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Iron ore price breaks bullish trend

Historically iron ore prices begin to drop this time of year but it seems the recent price surge of the steel-making ingredient has some commentators at odds as to where it will be at the end of the year.

After a two-month rally starting in early June, the price of iron ore was up around 25% but in the last two weeks the price has turned around. The surprising rally was a result of Chinese mills restocking inventory ahead of peak demand in September and October.

iron1 Source: Indexmundi.com

In addition to restocking efforts, China’s investment in railways has spurred demand for steel.

However poor weather conditions throughout the country have been slowing construction activities. In the Financial Review, RBC capital markets analysts said, “Hot weather in northern China and heavy rains in southern China tempered construction activities, which reduced iron ore demand”. The next graph shows the price of iron ore across the past five years, it clearly demonstrates a drop in prices around September every year – last year the iron ore price fell below $90 per tonne.

iron2 Source: Indexmundi.com

The current supply levels and somewhat high price (given the amount of surplus iron ore to come online) will put downwards pressure on the price of iron ore – in both the short and medium term. Increased supply from some of the world’s biggest iron ore miners including Rio Tinto (ASX: RIO), Vale of Brazil, BHP (ASX: BHP) and Fortescue (ASX: FMG) will enable mills in the price-taking industry to get much lower prices.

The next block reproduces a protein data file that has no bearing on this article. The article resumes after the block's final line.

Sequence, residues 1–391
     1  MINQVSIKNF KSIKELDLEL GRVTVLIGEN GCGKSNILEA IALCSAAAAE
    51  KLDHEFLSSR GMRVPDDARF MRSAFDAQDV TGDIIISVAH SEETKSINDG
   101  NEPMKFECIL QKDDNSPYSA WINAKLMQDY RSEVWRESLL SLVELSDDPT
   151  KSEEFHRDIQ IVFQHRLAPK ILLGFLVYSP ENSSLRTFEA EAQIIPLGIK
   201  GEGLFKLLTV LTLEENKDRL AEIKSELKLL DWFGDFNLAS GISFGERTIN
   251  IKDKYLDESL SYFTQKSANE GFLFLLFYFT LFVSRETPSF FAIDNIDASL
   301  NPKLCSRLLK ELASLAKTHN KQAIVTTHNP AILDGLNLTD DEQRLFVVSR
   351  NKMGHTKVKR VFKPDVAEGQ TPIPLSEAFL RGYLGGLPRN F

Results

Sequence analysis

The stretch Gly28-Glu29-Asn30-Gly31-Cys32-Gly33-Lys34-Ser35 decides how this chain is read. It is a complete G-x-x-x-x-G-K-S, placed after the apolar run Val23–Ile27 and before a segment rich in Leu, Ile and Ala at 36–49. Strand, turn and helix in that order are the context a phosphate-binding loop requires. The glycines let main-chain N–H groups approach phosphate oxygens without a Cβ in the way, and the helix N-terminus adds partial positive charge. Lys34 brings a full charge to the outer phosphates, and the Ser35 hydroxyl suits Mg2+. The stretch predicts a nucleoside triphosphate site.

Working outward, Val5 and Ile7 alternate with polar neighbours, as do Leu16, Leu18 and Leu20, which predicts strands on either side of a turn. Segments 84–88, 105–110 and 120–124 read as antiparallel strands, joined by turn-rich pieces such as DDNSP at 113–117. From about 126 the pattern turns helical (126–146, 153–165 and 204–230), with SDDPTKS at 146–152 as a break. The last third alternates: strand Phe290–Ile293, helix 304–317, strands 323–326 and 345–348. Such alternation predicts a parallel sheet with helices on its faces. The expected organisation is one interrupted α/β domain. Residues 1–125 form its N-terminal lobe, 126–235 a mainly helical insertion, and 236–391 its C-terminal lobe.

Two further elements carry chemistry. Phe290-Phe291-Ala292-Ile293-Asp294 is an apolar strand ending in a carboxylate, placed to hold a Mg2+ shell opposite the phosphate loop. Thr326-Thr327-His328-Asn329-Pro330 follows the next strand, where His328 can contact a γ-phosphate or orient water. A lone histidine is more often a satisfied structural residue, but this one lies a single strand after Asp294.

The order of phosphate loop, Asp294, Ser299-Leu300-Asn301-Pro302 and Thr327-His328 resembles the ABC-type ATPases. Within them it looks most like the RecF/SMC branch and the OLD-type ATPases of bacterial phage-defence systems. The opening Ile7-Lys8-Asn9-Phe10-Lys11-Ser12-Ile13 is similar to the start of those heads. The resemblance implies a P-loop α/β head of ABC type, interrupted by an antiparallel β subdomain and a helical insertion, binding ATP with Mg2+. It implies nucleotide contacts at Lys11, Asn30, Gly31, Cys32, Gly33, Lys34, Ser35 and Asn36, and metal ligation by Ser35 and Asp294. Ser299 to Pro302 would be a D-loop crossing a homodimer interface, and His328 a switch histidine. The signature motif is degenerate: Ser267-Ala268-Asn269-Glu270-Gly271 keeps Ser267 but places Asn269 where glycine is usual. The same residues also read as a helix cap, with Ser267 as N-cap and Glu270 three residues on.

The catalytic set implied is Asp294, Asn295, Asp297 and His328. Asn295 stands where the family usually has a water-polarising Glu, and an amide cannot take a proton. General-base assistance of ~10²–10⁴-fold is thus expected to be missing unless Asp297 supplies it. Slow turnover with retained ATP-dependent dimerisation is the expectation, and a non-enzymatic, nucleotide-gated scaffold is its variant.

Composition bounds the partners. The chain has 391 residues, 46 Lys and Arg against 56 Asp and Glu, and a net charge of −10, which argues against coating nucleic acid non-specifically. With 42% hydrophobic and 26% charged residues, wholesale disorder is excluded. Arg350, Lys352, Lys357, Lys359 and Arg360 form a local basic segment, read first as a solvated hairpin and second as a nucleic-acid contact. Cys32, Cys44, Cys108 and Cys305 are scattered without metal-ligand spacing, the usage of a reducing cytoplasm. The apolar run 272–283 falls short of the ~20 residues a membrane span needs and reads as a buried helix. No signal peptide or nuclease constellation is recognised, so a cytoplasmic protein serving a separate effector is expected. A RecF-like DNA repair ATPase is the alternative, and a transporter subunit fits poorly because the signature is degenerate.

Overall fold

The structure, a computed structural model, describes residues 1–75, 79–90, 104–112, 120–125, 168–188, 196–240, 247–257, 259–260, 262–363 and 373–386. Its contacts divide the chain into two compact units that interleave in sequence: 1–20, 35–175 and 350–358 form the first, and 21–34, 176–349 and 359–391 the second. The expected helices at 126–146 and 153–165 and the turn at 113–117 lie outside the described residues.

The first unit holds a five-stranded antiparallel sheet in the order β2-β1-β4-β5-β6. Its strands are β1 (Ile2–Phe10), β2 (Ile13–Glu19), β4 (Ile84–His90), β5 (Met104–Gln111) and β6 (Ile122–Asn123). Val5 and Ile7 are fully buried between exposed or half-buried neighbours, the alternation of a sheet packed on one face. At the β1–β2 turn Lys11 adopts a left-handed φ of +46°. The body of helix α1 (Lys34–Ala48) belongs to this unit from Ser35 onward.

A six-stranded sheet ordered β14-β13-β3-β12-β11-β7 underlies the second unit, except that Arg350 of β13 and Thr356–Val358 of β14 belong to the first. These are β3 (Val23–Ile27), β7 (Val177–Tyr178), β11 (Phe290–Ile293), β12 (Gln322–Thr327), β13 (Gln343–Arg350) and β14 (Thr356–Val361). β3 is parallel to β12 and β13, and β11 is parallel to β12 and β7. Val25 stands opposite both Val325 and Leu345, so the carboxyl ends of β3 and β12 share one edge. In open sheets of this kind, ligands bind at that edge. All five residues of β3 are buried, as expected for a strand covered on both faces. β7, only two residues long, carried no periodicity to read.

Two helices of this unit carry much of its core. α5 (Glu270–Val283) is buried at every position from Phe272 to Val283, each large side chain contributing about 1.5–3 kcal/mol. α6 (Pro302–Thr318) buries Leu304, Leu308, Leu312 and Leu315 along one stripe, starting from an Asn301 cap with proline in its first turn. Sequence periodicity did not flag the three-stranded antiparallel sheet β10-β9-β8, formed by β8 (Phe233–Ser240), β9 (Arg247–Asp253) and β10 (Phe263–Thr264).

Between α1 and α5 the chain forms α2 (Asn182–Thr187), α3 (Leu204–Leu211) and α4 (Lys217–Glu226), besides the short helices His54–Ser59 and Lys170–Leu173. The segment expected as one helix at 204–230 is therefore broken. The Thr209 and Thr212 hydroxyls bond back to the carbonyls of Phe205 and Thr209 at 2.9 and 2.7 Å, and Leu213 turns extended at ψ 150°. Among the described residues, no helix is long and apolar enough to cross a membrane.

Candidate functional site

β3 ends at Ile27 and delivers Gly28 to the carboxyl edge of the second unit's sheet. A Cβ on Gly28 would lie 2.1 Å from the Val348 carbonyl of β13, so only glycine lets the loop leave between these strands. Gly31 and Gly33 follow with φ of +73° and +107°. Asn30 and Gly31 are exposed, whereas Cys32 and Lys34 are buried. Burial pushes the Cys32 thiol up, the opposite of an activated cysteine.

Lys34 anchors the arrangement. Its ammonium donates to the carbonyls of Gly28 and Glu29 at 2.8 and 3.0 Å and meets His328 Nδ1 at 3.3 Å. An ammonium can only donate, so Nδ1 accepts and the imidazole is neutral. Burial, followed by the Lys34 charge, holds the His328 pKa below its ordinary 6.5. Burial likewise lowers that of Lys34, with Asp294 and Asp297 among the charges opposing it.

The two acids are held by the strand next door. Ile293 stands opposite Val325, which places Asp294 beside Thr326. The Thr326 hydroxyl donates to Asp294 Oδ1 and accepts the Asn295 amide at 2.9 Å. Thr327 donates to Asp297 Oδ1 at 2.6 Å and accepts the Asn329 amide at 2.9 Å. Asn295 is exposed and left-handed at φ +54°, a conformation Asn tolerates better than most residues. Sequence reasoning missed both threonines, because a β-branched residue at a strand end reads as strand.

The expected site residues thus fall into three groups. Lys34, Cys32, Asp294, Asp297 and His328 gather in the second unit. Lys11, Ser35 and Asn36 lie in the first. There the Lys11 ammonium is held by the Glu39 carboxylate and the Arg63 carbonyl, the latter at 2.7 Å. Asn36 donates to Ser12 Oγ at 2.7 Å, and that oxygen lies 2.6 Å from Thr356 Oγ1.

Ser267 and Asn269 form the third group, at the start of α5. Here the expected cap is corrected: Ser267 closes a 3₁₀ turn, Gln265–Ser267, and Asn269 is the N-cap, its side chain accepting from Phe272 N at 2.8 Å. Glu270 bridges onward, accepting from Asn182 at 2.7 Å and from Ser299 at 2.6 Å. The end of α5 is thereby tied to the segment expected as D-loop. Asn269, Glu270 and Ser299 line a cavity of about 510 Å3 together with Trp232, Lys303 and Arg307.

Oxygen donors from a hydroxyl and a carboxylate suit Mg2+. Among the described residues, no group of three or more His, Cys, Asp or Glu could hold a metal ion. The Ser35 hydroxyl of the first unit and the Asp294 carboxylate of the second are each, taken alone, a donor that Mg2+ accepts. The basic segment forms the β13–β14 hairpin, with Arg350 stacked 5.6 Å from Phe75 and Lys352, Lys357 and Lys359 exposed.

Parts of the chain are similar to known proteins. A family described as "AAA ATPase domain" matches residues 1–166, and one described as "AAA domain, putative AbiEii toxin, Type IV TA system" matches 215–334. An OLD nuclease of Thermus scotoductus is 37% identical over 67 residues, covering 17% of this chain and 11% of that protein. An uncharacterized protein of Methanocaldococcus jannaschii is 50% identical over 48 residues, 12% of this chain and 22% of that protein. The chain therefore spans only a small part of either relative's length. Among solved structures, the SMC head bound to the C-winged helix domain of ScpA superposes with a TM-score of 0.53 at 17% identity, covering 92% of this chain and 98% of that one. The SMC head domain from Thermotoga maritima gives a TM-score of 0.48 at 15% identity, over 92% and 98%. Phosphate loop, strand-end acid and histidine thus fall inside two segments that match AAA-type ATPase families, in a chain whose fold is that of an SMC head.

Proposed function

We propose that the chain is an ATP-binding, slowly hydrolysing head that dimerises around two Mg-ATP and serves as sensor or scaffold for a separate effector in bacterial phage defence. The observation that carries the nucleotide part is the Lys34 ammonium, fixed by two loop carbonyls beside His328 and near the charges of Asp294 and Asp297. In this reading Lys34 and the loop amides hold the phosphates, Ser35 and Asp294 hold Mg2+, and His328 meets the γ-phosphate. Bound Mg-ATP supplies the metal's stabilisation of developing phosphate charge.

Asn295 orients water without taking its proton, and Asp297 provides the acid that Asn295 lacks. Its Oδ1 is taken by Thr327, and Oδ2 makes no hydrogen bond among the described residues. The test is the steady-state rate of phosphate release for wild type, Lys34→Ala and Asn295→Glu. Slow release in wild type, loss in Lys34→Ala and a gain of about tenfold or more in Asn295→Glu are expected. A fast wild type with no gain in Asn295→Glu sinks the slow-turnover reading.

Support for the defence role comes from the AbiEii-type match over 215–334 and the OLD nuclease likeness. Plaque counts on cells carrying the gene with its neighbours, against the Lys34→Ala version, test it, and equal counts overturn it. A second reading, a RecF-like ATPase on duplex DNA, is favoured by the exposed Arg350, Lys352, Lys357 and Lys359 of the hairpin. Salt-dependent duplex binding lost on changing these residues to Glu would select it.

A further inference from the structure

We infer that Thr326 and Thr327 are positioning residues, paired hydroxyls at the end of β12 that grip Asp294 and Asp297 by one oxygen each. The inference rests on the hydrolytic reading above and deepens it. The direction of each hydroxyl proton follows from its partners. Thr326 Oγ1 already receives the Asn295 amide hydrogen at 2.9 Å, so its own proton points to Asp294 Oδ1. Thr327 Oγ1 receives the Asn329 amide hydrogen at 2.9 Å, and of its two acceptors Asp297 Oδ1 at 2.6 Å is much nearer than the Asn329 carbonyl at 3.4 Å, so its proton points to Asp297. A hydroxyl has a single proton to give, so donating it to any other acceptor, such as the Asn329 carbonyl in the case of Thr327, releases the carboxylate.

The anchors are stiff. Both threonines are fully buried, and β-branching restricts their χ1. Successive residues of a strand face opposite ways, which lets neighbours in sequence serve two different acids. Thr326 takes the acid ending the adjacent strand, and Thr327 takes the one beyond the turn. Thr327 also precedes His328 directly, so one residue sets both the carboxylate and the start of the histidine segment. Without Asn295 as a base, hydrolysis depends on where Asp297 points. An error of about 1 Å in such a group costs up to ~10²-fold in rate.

Analysts from Macquarie and Goldman Sachs had previously said that iron ore could reach between $80 and $88 per tonne in the medium term as supply outweighs demand. In the short-term the market could expect prices around $130 per tonne in September and as low as $110 per tonne going into the New Year. This would put more pressure on our biggest miners’ profits and add to their downwards trending stock prices.

Foolish takeaway

In this Fool’s opinion, the uncertainty surrounding the iron ore price (and therefore stock prices) is too much. With poor dividends compared to other ASX-listed companies, now might not be the time to grab a bargain.

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Motley Fool contributor Owen Raszkiewicz does not have a financial interest in any of the mentioned companies. 

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